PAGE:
While there were many things I thoroughly enjoyed about the SUNY New Paltz production of Macbeth, the play as a whole fell flat for me; some of the concepts were amazing but poorly executed, the lead role of Macbeth was out-acted and some of the scenes were rushed and confusing.
To start with the high points, the sound and special effects were phenomenal; the realistic gun props even gave me an uneasy feeling at the start of the play ("what if they were real, we wouldn't know until real bullets were fired!) which, considering Macbeth is a supernaturally-influenced tragedy, was appropriate. The stage itself was set-up to make the most use out of a small space; the scene changes had a lot of versatility to work with (however again, the execution of changing scenes was at best confusing and at worst unbelievable).
Knowing that Macbeth is one of Shakespeare's shortest plays, I was expecting a lot of fast action; the action was definitely fast but not exactly easy to understand. Had I no previous knowledge of Macbeth, I think I would have been utterly confused throughout the entire performance (and seeing as I had just read the play, the fact that I was still confused points to poor management of time, stage directions and scene changes). I needed to continuously reference the scene changes on the Playbill to keep up; I expected some kind of indication with props or even sound effects to cue an outdoor scene, a bedroom scene, etc. I was also sorely disappointed that the murder of King Duncan was done behind the scenes and not attempted in front of the audience but, hey, I s'pose you can't have everything. Finally, I thought that Macbeth's performance itself was largely out-shined by the believable portrayals of Lady Macbeth, King Duncan and Macduff. I was waiting with baited breath to see a real obvious destruction visible in Macbeth, culminating with an overall sense of loss (with life, purpose, meaning, etc.) and frankly, saw very few character changes through his performance. Granted, it was a short play (as Shakespeare intended) but I found both Lady Macbeth's dissension into insanity and Macduff's quick switch to utter rage to be both believable and obvious.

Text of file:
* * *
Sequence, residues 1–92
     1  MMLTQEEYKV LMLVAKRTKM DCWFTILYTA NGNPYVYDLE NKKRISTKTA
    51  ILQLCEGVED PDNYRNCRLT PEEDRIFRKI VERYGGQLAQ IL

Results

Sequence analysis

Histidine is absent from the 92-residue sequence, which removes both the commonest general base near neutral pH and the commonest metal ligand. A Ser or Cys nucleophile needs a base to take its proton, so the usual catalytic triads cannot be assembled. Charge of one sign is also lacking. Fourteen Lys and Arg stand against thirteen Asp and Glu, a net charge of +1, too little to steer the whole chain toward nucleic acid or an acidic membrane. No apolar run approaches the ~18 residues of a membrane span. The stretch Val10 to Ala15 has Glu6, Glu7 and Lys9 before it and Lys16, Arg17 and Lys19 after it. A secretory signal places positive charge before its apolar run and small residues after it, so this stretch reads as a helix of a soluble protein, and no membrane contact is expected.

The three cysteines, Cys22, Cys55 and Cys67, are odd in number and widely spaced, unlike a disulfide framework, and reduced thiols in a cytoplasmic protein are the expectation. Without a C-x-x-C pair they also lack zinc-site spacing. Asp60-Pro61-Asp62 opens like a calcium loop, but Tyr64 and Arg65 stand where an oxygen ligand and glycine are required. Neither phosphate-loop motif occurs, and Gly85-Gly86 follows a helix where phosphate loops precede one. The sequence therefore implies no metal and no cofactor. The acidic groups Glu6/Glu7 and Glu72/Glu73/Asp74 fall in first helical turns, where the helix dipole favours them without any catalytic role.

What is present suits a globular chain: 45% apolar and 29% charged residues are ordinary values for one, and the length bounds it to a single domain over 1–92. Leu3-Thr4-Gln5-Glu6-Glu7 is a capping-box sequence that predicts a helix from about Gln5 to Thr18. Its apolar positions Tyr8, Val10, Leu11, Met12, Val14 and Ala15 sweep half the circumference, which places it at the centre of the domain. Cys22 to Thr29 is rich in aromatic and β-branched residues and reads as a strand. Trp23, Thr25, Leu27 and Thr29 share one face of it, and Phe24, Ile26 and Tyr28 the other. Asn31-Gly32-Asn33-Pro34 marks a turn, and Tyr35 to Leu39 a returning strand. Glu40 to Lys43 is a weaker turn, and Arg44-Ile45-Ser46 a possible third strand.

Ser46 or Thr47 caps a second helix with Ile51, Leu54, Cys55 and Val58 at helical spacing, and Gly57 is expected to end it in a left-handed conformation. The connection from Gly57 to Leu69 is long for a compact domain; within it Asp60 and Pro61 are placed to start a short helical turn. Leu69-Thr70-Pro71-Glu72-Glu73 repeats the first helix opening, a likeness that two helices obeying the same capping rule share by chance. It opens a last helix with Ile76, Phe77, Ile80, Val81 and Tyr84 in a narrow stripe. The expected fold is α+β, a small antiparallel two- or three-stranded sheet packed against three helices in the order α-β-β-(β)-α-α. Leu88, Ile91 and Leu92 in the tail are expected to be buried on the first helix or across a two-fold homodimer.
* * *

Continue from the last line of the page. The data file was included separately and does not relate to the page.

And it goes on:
Finally, the much waited-for witches worked and didn't work for me as a viewer. I found the first scene with them to be excellent; the possession of the dead civilian bodies was creepy and sort-of believable; I liked the side-step away from the traditional portrayal of witches and was excited to see what else they would do. However, the random possessions throughout the play didn't hit-home with me and seemed both random and confusing; did the other characters realized someone was a witch, or was it purely for the audience and- if so- what exactly was the point? Rather than reinforcing creepiness I found it to be distracting. And finally, the HUGE witch scene where the apparitions come to Macbeth from the cauldron just... wasn't there. There was no cauldron, no tangible witch and simply utter-chaos. I was expecting chaos and a new-age spin on witches, but would have preferred something along the lines of three specific "possessions" that could have more clearly relayed the important premonitions and messages from that culminating scene.
On the whole, I am sad to say I was not entirely thrilled with the SUNY New Paltz production of Macbeth, although I cannot say I wasn't entertained (perhaps just hard to please).